Liverpool had some of the lowest property price growth in Britain this year, new research suggest...
Liverpool had some of the lowest property price growth in Britain this year, new research suggests.
The sluggish growth is yet another reason why 2016 could be a year to forget for many homeowners across the city.
One city estate agent said higher taxes on landlords through stamp duty could be to blame.
Average property prices rose just 0.2% in Liverpool, failing to even keep up with the rising cost of living.
The average house price in Liverpool is around £156,800, according to Halifax.
But the low growth could be good news for any would-be homeowners trying to get their first foot on the ladder in 2017.
Liverpool ranked alongside Aberdeen, Bangor, Blackpool, Wolverhampton and Grimsby among others in the 10 areas with weakest house price growth in 2016.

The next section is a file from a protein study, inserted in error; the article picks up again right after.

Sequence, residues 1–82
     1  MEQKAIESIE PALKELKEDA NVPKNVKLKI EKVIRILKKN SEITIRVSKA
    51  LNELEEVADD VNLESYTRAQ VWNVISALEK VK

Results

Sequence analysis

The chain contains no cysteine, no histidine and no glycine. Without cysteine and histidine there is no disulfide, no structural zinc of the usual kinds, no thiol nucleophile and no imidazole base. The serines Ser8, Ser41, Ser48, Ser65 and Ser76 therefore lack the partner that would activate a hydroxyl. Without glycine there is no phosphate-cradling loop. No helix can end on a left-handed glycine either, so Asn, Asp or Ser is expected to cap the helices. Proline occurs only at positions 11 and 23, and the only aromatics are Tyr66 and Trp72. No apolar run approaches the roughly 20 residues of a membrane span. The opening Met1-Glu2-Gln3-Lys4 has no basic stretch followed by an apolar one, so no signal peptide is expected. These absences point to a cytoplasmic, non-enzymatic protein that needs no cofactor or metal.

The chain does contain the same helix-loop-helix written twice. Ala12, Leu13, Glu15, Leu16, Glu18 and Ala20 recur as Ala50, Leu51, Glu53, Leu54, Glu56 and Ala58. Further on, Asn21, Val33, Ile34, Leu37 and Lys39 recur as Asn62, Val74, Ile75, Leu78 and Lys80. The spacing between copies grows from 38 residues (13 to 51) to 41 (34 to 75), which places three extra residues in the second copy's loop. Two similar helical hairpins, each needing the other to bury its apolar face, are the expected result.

Meanwhile all of the top 10 areas where prices soared fastest were in London and the southeast, from trendy east London to towns not far from the capital like Luton and Watford.
John Arrowsmith, a director at estate agents Liverpool Residential , said: “It has probably slowed down this year because of landlords buying fewer properties due to the stamp duty increase.
“It’s supposed to allow first-time buyers to get cheaper properties rather than landlords, but many first-time buyers struggle to get a deposit together.
“Many terraced houses on the market in Liverpool are in a state of disrepair. Landlords would refurbish them and rent them out, but first-time buyers don’t tend to have the funds to do them up either.”
He also said the high number of new flats being built in the city centre could be holding prices down for most existing flats and homes.
Martin Ellis, a housing economist at Halifax, said: “Most of the areas that have seen the biggest house price rises during 2016 are either within close commuting distance of the capital or in outer London.
“Demand in these areas has risen as substantial property price rises in central London over the last few years have caused increasing numbers of people to seek property in more affordable areas.
“A few towns have experienced price falls, with the biggest in Aberdeen. On the north east coast of Scotland, it is highly dependent on the North Sea oil and gas sector.”
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